Poor Lily! How little she understood as yet what was passing through his mind. Had she known his wish she would have wrapped up her love carefully in a napkin, so that no one should have seen it,—no one but he, when he might choose to have the treasure uncovered for his sight. And it was all for his sake that she had been thus open in her ways. She had seen girls who were half ashamed of their love; but she would never be ashamed of hers or of him. She had given herself to him; and now all the world might know it, if all the world cared for such knowledge. Why should she be ashamed of that which, to her thinking, was so great an honour to her? She had heard of girls who would not speak of their love, arguing to themselves cannily that there may be many a slip between the cup and the lip. There could be no need of any such caution with her. There could surely be no such slip! Should there be such a fall,—should any such fate, either by falseness or misfortune, come upon her,—no such caution could be of service to save her. The cup would have been so shattered in its fall that no further piecing of its parts would be in any way possible. So much as this she did not exactly say to herself; but she felt it all, and went bravely forward,—bold in her love, and careful to hide it from none who chanced to see it.
They had gone through the ceremony with the cake and teacups, and had decided that, at any rate, the first dance or two should be held upon the lawn when the last of the guests arrived.
"Oh, Adolphus, I am so glad he has come," said Lily. "Do try to like him." Of Dr. Crofts, who was the new comer, she had sometimes spoken to her lover, but she had never coupled her sister's name with that of the doctor, even in speaking to him. Nevertheless, Crosbie had in some way conceived the idea that this Crofts either had been, or was, or was to be, in love with Bell; and as he was prepared to advocate his friend Dale's claims in that quarter, he was not particularly anxious to welcome the doctor as a thoroughly intimate friend of the family. He knew nothing as yet of Dale's offer, or of Bell's refusal, but he was prepared for war, if war should be necessary. Of the squire, at the present moment, he was not very fond; but if his destiny intended to give him a wife out of this family, he should prefer the owner of Allington and nephew of Lord De Guest as a brother-in-law to a village doctor,—as he took upon himself, in his pride, to call Dr. Crofts.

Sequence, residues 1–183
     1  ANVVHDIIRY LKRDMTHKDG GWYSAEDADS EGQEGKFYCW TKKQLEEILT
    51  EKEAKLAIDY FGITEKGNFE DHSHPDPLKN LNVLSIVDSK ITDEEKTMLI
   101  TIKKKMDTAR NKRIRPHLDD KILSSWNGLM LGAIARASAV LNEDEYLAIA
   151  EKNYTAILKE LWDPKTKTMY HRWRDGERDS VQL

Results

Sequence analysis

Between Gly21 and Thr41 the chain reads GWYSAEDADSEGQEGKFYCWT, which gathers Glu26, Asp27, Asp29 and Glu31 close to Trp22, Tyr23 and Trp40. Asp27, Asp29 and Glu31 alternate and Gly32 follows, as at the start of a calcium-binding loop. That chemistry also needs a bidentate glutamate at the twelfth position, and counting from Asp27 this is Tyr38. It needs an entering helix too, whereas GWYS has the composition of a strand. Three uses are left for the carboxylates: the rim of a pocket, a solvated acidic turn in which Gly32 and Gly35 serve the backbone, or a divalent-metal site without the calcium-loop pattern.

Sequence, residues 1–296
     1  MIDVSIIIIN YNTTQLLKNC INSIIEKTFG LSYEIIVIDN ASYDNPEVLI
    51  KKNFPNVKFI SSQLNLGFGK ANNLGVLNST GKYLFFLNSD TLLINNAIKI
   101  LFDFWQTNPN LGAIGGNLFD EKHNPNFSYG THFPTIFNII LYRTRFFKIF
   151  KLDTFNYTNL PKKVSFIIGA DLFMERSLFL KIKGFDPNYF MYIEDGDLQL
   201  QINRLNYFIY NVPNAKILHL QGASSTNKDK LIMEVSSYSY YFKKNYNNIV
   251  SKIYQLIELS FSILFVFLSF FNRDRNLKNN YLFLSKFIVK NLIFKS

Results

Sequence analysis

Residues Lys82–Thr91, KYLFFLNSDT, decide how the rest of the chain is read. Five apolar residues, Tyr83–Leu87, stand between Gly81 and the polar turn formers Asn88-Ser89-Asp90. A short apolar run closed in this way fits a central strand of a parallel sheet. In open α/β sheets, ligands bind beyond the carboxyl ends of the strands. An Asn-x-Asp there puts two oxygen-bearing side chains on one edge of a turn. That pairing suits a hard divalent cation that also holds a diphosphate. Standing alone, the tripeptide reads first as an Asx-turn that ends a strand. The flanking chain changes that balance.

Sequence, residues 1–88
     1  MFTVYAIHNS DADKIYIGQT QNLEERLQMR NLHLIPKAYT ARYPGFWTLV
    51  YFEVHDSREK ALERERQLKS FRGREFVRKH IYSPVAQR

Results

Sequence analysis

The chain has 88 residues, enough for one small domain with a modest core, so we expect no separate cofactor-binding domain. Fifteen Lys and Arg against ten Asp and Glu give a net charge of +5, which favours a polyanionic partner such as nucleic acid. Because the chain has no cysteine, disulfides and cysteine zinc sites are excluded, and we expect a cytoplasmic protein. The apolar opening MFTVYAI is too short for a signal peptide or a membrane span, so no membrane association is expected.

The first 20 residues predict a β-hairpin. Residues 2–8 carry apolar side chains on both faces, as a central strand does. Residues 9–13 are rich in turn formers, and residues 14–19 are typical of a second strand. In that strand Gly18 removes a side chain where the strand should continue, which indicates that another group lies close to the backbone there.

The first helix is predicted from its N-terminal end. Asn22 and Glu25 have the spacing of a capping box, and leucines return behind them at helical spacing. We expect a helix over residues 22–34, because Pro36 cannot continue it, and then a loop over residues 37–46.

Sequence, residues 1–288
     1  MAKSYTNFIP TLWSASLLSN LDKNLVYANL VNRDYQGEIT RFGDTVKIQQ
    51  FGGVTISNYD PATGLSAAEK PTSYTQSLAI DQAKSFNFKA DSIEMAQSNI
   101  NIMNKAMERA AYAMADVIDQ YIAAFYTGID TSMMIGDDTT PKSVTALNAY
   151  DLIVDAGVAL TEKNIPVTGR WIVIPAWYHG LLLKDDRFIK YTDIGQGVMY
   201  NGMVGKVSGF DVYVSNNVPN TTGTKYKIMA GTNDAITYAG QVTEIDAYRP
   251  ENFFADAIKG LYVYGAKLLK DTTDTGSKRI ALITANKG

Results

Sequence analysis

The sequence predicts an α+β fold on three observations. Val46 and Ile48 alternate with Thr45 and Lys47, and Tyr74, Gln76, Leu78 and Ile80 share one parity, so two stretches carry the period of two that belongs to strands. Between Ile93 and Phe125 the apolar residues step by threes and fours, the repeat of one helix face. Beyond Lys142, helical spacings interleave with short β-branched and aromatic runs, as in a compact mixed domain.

"It is very unfortunate," said he, "but I never do like Paragons."
"But you must like this Paragon. Not that he is a Paragon at all, for he smokes and hunts, and does all manner of wicked things." And then she went forward to welcome her friend.
Dr. Crofts was a slight, spare man, about five feet nine in height, with very bright dark eyes, a broad forehead, with dark hair that almost curled, but which did not come so forward over his brow as it should have done for purposes of beauty,—with a thin well-cut nose, and a mouth that would have been perfect had the lips been a little fuller. The lower part of his face, when seen alone, had in it somewhat of sternness, which, however, was redeemed by the brightness of his eyes. And yet an artist would have declared that the lower features of his face were by far the more handsome.